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Perhaps the answer for elderly surgical patients is less sedation

January 20, 2010 | 11:04 am

Anesthesia The question was: What can be done about postoperative delirium?

Researchers at Johns Hopkins gave it some thought, conducted a double-blind, randomized study (the gold standard) of elderly patients undergoing hip fracture repair and concluded that, hmm, maybe they shouldn't be sedated quite so heavily.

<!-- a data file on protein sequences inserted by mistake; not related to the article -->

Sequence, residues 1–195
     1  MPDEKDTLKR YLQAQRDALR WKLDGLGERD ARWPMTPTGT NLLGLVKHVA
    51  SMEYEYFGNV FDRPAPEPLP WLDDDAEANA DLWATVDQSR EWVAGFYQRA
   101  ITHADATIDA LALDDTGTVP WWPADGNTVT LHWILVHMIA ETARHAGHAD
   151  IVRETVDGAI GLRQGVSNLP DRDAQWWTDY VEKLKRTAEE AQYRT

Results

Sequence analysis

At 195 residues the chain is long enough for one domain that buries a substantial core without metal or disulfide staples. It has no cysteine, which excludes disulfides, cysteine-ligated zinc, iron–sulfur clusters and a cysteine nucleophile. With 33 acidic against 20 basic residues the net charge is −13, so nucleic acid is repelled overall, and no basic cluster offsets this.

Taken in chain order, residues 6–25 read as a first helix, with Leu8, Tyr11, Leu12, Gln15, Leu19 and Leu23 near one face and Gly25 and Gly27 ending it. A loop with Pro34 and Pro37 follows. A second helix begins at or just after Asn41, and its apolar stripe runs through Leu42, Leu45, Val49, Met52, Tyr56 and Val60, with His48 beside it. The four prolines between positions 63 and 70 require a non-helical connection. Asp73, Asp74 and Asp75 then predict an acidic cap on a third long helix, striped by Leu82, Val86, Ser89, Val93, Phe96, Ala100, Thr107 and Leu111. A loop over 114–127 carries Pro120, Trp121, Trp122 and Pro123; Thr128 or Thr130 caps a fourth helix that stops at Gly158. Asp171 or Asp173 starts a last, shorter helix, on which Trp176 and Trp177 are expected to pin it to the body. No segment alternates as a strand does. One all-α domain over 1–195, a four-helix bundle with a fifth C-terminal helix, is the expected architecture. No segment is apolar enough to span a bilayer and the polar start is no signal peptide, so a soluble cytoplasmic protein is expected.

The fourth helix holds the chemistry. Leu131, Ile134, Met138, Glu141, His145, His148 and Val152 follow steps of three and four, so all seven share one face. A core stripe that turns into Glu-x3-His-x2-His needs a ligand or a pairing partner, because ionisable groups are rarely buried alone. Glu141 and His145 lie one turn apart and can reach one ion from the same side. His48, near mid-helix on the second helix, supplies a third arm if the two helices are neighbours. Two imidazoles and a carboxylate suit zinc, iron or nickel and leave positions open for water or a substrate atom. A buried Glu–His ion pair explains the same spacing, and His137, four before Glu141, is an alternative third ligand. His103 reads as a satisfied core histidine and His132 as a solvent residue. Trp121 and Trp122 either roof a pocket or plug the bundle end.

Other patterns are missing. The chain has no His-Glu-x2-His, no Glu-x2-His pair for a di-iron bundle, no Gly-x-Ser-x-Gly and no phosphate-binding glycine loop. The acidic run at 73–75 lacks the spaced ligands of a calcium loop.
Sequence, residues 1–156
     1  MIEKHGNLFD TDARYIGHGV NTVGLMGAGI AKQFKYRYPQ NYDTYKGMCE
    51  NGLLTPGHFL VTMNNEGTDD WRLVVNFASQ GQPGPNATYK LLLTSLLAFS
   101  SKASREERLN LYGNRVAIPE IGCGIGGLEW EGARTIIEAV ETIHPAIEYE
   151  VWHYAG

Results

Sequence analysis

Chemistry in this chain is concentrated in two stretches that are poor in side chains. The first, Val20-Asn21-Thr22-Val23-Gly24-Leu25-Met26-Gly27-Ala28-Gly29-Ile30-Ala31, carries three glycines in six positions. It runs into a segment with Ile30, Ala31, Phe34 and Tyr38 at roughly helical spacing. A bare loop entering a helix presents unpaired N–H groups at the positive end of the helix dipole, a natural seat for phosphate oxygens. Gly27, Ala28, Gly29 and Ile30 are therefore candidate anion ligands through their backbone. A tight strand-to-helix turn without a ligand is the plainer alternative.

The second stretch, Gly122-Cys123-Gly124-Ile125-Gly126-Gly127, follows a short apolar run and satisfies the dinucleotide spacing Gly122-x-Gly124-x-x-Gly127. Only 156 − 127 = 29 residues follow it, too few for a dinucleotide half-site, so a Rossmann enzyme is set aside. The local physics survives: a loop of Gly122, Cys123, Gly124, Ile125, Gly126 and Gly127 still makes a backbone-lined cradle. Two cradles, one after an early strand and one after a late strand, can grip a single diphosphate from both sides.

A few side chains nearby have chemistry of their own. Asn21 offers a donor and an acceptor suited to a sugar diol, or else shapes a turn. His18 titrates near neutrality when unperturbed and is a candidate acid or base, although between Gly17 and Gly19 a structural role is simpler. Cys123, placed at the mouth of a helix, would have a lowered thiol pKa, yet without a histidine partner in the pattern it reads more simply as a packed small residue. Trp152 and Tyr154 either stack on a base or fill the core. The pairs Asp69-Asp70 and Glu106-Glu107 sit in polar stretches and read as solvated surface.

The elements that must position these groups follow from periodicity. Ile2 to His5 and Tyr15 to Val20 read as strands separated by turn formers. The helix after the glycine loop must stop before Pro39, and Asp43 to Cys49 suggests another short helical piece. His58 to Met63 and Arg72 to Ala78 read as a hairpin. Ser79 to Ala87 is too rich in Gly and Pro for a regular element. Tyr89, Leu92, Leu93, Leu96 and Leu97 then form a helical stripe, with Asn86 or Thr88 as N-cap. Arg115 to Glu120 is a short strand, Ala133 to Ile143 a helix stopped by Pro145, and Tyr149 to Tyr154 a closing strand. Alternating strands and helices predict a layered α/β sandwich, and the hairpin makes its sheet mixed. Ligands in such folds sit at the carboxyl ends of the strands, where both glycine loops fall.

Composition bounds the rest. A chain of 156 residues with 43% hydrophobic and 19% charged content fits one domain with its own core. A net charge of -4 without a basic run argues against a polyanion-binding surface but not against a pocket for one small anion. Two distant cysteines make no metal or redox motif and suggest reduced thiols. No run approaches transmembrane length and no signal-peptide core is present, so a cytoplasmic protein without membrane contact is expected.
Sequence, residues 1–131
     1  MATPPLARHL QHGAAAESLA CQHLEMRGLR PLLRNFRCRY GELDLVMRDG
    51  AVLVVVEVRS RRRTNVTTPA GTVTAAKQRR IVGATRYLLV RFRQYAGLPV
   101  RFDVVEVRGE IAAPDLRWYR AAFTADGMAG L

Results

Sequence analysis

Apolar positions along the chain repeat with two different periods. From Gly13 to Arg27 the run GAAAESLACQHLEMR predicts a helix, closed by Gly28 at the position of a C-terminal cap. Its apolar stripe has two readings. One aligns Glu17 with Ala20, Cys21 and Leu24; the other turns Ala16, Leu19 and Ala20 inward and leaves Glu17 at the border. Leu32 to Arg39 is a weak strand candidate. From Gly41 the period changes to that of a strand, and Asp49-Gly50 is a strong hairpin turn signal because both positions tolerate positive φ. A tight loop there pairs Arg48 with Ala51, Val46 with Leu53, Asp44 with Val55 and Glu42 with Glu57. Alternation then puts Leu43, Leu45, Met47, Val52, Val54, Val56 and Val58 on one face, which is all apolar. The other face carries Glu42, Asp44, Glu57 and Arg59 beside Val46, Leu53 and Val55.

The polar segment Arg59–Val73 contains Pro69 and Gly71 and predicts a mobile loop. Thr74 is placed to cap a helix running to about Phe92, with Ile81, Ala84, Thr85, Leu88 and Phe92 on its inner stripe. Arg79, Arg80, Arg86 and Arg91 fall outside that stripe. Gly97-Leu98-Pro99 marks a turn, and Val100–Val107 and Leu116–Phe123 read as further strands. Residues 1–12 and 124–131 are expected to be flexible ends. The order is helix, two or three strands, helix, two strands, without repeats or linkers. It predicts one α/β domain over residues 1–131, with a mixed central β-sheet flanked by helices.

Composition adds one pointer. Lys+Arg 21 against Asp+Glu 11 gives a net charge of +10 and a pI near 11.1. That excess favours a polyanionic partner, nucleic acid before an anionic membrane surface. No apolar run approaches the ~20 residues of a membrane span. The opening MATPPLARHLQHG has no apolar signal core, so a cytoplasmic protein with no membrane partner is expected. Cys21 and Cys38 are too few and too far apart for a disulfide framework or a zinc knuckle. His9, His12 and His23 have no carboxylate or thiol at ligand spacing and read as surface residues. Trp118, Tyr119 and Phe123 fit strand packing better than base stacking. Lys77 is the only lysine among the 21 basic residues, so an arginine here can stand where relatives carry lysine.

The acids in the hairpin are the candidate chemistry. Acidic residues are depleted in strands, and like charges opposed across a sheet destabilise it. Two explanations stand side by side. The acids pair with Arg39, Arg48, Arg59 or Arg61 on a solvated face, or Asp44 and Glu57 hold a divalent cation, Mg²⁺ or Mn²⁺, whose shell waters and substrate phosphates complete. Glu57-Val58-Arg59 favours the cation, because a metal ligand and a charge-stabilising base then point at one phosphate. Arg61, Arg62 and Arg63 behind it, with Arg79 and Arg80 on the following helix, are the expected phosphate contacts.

Here's the abstract, published in the January issue of Mayo Clinic Proceedings. It concludes:

"The use of light propofol sedation decreased the prevalence of postoperative delirium by 50% compared with deep sedation. Limiting depth of sedation during spinal anesthesia is a simple, safe, and cost-effective intervention for preventing postoperative delirium in elderly patients that could be widely and readily adopted."

Here's a related editorial urging caution.

And if the word "propofol" rings a bell, it should. It was the much-discussed drug found in Michael Jackson's body after his death: Jackson pleaded with doctor for powerful anesthetic, records show

Very different uses though. Very.

-- Tami Dennis

Photo credit: Los Angeles Times

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